What do you think of the substantial influence that Black Tambourine has had on certain types of
music, despite its short run?

“Substantial influence, ha! I’m absolutely flattered when I hear current bands mention liking Black
Tambourine, but I suspect they would have probably come to their sound with or without hearing our limited
output, roundabout the same way we did.”

Do you love or hate the "twee" label? What do you think of twee revival bands, like The Pains of Being Pure at Heart?
“I’m not a fan of the label — not because it’s pejorative, which it largely is, where I live — but because it’s a
terribly inaccurate description of most bands I see being labeled with it, Black Tambourine included. I don’t think of us (or the Pains, or a million other bands that get called 'twee') as being affectedly cute or sickeningly sweet or purposefully charming. I think people might use 'twee' when they mean 'nerdy' or 'indie' or 'jangly' — I’m not sure how it came about that noisy guitar bands ever got labeled 'twee.'”

Photo: Courtesy of Black Tambourine
Photo: Courtesy of Black Tambourine

What was it like being a D.C. band in the late '80s/early ‘90s? How did the area shape you guys?
“We met in the sprawling grounds and tightly packed aisles of the University of Maryland in College Park
and Vinyl Ink Records in Silver Spring. But we’re not from there, though some of us lived in a group house for
a time in Silver Spring, and that house was the scene of some excellent BBQ action with live pop music in
the backyard. Being a D.C.-area band meant seeing Beat Happening play! And playing at d.c. space! And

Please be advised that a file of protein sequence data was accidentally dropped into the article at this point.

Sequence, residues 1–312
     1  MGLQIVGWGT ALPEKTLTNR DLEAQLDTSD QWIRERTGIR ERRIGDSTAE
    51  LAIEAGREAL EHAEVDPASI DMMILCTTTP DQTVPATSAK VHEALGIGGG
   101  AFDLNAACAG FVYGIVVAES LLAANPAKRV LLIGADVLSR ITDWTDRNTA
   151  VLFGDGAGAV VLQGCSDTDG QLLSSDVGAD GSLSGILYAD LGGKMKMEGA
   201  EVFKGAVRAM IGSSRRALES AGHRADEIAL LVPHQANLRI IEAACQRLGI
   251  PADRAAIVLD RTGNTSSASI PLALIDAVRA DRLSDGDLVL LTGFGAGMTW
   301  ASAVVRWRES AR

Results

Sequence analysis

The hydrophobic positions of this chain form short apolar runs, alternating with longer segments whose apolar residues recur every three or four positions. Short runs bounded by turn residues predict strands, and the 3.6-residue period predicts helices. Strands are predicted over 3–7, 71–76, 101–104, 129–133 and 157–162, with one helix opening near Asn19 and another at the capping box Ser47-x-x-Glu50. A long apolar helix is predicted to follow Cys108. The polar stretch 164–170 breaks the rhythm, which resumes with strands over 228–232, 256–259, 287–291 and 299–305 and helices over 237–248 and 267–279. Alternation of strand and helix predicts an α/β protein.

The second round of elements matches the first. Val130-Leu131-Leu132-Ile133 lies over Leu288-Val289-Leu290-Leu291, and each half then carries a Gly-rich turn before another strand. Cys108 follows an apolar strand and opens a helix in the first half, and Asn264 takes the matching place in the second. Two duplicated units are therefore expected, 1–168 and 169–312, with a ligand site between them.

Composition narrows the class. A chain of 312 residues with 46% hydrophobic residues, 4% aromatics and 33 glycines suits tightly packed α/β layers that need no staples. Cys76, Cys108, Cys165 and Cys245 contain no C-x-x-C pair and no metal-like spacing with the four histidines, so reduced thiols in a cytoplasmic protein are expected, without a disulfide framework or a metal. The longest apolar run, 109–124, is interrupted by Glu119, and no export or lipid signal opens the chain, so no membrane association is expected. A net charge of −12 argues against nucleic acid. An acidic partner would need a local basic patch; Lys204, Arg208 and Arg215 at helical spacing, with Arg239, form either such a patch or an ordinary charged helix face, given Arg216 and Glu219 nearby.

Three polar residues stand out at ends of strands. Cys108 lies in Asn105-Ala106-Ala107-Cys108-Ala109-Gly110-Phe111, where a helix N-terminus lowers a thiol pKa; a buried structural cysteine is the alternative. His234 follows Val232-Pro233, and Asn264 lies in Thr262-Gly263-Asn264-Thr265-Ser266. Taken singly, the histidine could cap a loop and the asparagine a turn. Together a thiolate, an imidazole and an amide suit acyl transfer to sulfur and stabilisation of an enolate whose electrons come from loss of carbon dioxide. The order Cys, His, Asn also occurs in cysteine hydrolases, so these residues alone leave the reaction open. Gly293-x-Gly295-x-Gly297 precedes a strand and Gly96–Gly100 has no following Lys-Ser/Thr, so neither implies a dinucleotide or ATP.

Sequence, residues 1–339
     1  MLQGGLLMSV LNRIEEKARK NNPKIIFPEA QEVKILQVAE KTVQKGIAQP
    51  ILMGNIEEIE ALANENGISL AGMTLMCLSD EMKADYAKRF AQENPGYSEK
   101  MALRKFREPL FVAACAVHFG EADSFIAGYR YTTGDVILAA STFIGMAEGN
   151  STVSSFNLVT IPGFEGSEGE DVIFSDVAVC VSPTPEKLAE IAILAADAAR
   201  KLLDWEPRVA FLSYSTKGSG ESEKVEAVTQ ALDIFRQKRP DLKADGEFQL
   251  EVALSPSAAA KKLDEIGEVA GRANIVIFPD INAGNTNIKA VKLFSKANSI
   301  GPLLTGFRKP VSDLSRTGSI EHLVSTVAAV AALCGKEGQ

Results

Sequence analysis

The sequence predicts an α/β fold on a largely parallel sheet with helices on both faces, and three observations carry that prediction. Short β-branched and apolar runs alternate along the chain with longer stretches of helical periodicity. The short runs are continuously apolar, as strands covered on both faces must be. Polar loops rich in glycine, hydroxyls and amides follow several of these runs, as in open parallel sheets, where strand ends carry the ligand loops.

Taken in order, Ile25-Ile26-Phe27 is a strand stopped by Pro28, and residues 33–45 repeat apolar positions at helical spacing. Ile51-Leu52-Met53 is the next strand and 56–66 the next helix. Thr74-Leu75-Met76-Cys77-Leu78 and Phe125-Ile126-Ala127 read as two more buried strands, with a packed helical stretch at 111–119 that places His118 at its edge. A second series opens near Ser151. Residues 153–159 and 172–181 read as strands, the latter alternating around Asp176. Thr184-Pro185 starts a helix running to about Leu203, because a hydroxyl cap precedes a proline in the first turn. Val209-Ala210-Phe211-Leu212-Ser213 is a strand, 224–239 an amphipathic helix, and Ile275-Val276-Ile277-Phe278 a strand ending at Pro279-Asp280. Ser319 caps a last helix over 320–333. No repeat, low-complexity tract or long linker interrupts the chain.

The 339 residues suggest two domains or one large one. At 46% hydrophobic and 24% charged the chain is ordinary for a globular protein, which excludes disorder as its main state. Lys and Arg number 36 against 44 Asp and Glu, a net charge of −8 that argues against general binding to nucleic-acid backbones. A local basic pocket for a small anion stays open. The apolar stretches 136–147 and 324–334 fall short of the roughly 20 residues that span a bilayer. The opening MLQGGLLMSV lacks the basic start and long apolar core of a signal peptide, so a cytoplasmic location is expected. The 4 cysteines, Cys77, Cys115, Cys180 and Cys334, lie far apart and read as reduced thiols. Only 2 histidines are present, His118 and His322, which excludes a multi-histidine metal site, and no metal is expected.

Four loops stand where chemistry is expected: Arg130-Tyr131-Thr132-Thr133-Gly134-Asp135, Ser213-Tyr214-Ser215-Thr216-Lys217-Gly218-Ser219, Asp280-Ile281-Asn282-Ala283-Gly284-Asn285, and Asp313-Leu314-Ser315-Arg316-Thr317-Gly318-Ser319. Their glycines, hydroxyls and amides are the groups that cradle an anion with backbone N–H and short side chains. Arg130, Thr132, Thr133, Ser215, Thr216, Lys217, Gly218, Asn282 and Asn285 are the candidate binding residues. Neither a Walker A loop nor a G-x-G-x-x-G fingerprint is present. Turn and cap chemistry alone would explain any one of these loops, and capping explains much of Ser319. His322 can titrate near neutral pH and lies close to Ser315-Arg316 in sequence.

being friends with a bunch of other people running labels and playing in bands, so things like the Lotsa
Pop Losers festival happened with Slumberland and Teenbeat and Simple Machines. It seemed like a lot of
great stuff was going on then, socially and musically.”


Is this the beginning of a beautiful new history for BT, or is it a one-time thing?
“If you’d asked me a year ago, I would have said we’d never play a reunion show, so you never know what
will happen, but with us living in the U.K., D.C., and California, it seems unlikely we’ll start touring or playing
very much. It’s expensive to travel and hard to get time off work, plus we all have young kids now and
not a lot of time [to] spare. But I’m hoping it means we start to do a bit more recording — recording new
material has been my favorite part of being active as a band again!”

Photo: Courtesy of Black Tambourine

What have you been doing since the dissolution of the band?
“In the last twenty years, I’ve been doing a bit of recording here and there when I get asked (we have a 16-
track portastudio at home for ease of recording in the kitchen, and my husband is a dab hand at recording)
and playing music with friends. Although, Friday night will be the first time we’ve played out in a couple of years. I left D.C. and moved to London about 14 years ago, and I work as a freelance subtitler for hard-of-hearing DVD releases of movies and TV shows. When I’m not working, I print and sew and bind books, and bake, and spend a lot of time wrangling our gals Ava and Tallulah.”

The show is also a kind of celebration for your new EP, OneTwoThreeFour, a four-song tribute to The Ramones. Why The Ramones? Can we ever expect new BT songs?
“We’re all big Ramones fans and felt like these were songs we could learn fairly quickly and have a heap
of fun recording in the Black Tambourine way, with a healthy amount of reverb and guitar squall. We have
ideas for future covers and still have a few songs we played live back in the day that we never got around to recording, so I really hope we will have new Black Tambourine songs sometime.”